"Andrew, can we talk?"
I was almost asleep. But one of the campers tugged on my shirt, his face barely visible in the darkness.
We weaved through a horde of snoring teenagers, gently cracked open the screen door, and sat down on the front porch of our cabin. Over the next hour, he poured out story after story of familial catastrophe, and I grew overwhelmed by his pain. Despite my camp counselor training, I sensed that anything I contributed at this moment would sound more like Job's friends than Jesus. All I could do was sit and mourn.
I went through the next day in a daze. Sometimes you see into the dark a little more clearly—sometimes your simplistic paradigms are shattered. It can come through a painful trauma or a near-death experience, but it can also happen between nine and ten o'clock on a cabin porch.
That evening, a few camp counselors gathered in the staff area to watch a Wes Anderson film. I walked by with just a glance. But while I couldn't have known it then, a lesson at the feet of Wes Anderson was just what I needed.
And maybe just what my camper needed as well.
Even if you haven't seen his movies, you've felt Wes Anderson's impact (his latest film, The Grand Budapest Hotel, releases on March 7). The writer/director's style and his actors' deadpan delivery have become familiar in the past decade or so. From The Life Aquatic with Steve Zissou to The Darjeeling Limited to Moonrise Kingdom, Anderson leads audiences on hunts for mythical sharks, spiritual journeys through India, and a lone Khaki Scout's search for adulthood. No matter the story, his characters, after wrestling bravely to control the outside world, must accept the relational fracture inside themselves.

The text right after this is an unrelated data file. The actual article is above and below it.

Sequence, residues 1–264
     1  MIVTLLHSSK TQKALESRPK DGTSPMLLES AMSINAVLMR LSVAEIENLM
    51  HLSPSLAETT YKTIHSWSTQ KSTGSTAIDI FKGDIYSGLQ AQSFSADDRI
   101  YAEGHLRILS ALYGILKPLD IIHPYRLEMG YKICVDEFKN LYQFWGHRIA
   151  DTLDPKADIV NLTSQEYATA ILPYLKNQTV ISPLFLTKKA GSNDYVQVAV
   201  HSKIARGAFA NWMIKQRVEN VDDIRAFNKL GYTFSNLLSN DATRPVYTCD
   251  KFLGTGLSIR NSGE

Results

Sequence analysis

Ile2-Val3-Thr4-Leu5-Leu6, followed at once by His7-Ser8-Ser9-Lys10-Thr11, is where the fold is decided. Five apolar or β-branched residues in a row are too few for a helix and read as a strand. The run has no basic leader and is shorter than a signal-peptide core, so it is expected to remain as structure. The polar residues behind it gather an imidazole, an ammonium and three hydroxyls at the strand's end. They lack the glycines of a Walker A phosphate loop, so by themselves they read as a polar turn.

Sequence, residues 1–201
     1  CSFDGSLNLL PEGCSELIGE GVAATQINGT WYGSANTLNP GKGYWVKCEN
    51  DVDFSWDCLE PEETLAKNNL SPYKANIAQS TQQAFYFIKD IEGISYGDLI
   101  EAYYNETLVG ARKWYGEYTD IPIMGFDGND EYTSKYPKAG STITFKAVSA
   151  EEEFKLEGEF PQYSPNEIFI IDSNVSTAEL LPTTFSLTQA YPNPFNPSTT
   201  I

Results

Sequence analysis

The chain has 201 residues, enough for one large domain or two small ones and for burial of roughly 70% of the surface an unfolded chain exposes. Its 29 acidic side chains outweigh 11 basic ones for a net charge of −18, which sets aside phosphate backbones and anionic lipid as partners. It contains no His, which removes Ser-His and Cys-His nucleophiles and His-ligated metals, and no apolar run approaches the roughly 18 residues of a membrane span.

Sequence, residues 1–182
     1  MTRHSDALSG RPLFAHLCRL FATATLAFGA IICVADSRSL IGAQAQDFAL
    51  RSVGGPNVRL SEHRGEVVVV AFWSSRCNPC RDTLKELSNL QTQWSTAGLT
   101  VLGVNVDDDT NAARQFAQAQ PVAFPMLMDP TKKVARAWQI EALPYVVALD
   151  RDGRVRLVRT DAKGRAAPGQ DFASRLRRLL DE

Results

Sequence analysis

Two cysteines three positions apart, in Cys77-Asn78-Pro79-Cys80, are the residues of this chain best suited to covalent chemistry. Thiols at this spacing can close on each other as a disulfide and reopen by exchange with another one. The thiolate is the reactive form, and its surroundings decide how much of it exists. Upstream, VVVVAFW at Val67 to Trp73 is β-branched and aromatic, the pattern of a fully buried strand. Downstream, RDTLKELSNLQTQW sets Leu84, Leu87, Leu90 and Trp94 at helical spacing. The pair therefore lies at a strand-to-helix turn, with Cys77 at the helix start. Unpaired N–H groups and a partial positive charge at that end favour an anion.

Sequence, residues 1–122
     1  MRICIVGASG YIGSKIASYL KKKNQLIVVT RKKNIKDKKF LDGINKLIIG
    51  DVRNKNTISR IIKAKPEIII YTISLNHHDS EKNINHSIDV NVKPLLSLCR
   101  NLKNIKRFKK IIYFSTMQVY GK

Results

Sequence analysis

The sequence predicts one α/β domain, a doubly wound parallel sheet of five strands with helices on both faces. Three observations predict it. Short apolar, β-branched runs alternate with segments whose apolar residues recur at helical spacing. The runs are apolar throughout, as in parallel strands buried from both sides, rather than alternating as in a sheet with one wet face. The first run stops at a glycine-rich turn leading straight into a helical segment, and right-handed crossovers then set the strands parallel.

This struggle makes Wes Anderson the modern king of empathy. Anderson mourns the wounds we carry because he believes that people are valuable. Even if he can't explain why.
Taking "Not Mattering" Seriously
It's one of the climactic scenes in Anderson's Fantastic Mr. Fox, a stop-motion flick based on the children's novel by Roald Dahl. Mr. Fox's nephew has been taken captive by some dangerous farmers. As Mr. Fox (George Clooney) is attempting to solve the dilemma, the villainous Rat (Willem Dafoe) attacks the Fox family. A quick and bloody fight ensues and Mr. Fox emerges victorious. Standing over the wounded Rat, Mr. Fox and his son, Ash, witness Rat's final moments.
Rat: The boy is locked in an apple crate on top of a gun-locker in the attic of Bean Annex. It's a set-up.
Fox: All these wasted years. What were you looking for, Rat?
Ash: He's trying to say something, Dad.
Rat: (fading) Cider.
Fox: Here you are, Rat. A beaker of Bean's finest secret cider.
Rat: Like melted gold. (dies)
Ash: He redeemed himself.
Fox: Redemption? Sure. But, in the end, he's just another dead rat in a garbage pail behind a Chinese restaurant.
In the words of Michael Hirschorn, "Quirk takes not mattering very seriously." And Anderson is nothing if not quirky.
Each of his films noticeably lack a glorious, overarching purpose. Nobody's fighting injustice or working in orphanages or warning governments about incoming Roland Emmerich movies. They are more like Charlie Brown to Lucy's football. The best they can do is accept that no matter how big the windup, they are going to end up on their back.
Anderson is interested in people as victims, rather than victimizers. His universe is clearly broken, but he never gives the infamous "Bad Dads" of his movies an impossible-to-redeem death blow. Herman Blume—depressed Bill Murray from Rushmore—doesn't actually get desperate enough to do something truly awful; Mr. Fox's nephew isn't killed—just captured and rescued; Steve Zissou may lead his team through pirate-infested waters, but none of his crew will really suffer for his decision (except maybe that poor intern, who stays with Team Zissou anyways).